As an example, University of Winnipeg President Lloyd Axworthy made a public commitment to develop a sustainability plan for the university during a conference in 2005. By August of this year, a university task force had submitted a sustainability policy to the board of regents, and received unanimous approval in October.
Sustainability coordinators say their job involves championing green causes as well as channeling latent staff interest in reforming the less environmentally friendly parts of their institution. The University of Ottawa's new sustainable development coordinator, Jonathan Rausseo, says he was surprised to find that he didn't have to preach the gospel, but often had only to respond to initiatives brought to him by equally concerned faculty and staff.
Throughout Canada, the major way that universities are supporting sustainability is by becoming early adopters of so-called "green buildings." In Montreal, école Polytechnique's new Lassonde Buildings, home to the departments of computer and electrical engineering, the library, and IT services, achieved gold-level certification in the Canadian Green Building Council's rating system by meeting a wide range of environmental measures. The Centre for Interactive Research on Sustainability, going up at the University of British Columbia, is aiming for platinum recognition, as well as for the status as the greenest building in North America. Its pioneering architect Peter Busby says structures like this one, which don't pollute or use non-renewable resources, are "actually incredibly achievable."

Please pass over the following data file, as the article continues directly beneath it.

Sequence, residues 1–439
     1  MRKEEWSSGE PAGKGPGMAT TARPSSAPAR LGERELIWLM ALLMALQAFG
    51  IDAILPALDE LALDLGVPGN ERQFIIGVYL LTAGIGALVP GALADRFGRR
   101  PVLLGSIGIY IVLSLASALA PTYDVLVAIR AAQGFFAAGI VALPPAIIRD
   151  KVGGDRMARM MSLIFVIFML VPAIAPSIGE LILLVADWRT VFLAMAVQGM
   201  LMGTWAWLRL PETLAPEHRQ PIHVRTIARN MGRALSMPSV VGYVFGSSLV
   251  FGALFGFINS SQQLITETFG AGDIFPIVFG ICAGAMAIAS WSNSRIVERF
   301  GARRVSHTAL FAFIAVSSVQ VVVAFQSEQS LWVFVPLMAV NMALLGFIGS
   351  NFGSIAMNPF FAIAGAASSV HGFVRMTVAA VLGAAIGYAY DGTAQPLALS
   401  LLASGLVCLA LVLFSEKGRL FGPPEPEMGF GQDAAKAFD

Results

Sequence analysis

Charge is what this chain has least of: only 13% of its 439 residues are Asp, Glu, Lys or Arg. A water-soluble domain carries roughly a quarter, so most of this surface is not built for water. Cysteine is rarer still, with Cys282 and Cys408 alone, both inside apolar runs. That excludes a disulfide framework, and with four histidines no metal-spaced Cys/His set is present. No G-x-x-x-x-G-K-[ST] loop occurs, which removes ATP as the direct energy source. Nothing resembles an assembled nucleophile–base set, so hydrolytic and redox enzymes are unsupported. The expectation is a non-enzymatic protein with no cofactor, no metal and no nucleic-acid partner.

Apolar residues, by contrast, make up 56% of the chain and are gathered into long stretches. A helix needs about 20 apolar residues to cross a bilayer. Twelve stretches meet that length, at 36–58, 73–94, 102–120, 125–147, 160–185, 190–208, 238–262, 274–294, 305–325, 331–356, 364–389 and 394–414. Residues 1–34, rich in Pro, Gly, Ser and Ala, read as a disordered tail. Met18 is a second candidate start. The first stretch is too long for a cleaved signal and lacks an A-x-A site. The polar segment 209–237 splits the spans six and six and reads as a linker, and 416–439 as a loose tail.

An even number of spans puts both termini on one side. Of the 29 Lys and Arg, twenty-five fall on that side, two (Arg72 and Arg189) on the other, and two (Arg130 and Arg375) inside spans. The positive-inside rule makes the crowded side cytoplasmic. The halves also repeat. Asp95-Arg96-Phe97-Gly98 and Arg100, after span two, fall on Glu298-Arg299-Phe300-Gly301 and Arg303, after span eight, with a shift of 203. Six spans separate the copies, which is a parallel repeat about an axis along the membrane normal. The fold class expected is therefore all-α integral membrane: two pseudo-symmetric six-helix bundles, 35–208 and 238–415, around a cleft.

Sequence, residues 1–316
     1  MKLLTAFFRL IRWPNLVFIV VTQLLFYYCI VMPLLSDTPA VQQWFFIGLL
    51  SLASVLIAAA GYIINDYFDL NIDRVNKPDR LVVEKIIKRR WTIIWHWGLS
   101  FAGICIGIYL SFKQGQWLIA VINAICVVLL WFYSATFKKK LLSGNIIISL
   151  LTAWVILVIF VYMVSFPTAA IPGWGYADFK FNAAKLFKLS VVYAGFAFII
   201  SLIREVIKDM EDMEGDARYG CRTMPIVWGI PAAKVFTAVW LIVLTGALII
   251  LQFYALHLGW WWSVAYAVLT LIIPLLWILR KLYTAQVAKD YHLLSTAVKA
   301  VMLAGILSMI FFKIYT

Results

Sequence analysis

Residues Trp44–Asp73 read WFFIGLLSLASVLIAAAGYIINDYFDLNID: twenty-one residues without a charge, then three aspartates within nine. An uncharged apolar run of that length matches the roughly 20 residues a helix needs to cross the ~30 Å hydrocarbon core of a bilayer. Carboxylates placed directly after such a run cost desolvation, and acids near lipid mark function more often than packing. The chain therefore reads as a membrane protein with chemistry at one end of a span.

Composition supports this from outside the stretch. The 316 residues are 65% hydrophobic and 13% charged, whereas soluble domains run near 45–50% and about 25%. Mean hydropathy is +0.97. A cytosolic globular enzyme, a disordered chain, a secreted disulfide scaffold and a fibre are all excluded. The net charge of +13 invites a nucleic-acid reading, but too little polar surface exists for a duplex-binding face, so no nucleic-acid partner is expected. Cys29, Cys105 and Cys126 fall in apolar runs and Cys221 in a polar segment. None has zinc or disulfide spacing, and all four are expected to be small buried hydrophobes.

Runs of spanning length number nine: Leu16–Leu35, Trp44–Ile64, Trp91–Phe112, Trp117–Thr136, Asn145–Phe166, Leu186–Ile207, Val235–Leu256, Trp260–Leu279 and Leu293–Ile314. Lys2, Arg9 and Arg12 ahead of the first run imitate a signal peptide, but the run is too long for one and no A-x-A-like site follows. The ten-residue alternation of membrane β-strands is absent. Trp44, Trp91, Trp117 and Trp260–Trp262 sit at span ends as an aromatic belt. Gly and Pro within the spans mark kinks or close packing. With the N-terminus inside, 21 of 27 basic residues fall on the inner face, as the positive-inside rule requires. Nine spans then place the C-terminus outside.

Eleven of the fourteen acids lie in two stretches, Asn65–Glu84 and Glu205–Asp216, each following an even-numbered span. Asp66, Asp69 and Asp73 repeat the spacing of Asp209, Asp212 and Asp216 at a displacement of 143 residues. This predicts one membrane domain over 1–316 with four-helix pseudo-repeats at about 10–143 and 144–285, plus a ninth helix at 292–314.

Others agree with him that "building green" is easier than ever. Dr. Wright of Dalhousie University notes that cash-strapped universities used to face tough choices in investing in green buildings, as well as an obstacle course of financing mechanisms, zoning laws and building codes. But now these obstacles are disappearing. In British Columbia, Karen Hearn, facilities director at Kwantlen University College, says she can put up a green building that is virtually "cost neutral." Some objections from users are resolved fairly easily: Kwantlen librarians worried that without carpet their book carts would rattle excessively. The inexpensive solution? Pneumatic tires on the carts.
Most people engaged in campus sustainability would say the university has a moral obligation to be a leader in its community. But many worry that the movement is not keeping pace with the scale of environmental degradation. "We cannot wait," says Michel Rose, executive director of major construction projects at école Polytechnique, echoing a concern shared by many of his peers.
Activists say, too, that energy-efficient buildings cannot be the sole answer to global sustainability. Michael M'Gonigle, professor of environmental law and policy at the University of Victoria, wonders whether a culture of sustainability is even possible inside the university without a fundamental transformation of its governance structure and academic programs (a review of his new book, Planet U, is on page 36). Even those Canadian universities that have signed the international Talloires Declaration have not dramatically altered their curricula to promote "ecological literacy" and "environmental citizenship," as the declaration promises.
David Orr - the father of the university sustainability movement and chair of environmental studies at Oberlin College in Ohio - argues that committing to sustainability raises fundamental questions about a university's mission, structure and place in society. Dr. Orr's hope is that the campus can become "a repository and a fertile place for the reconsideration of humankind's role in the natural world."
According to that lofty standard, campus sustainability in Canada remains a work in progress. It is still searching for a way to reconcile an ever-greening campus with a still-browning world.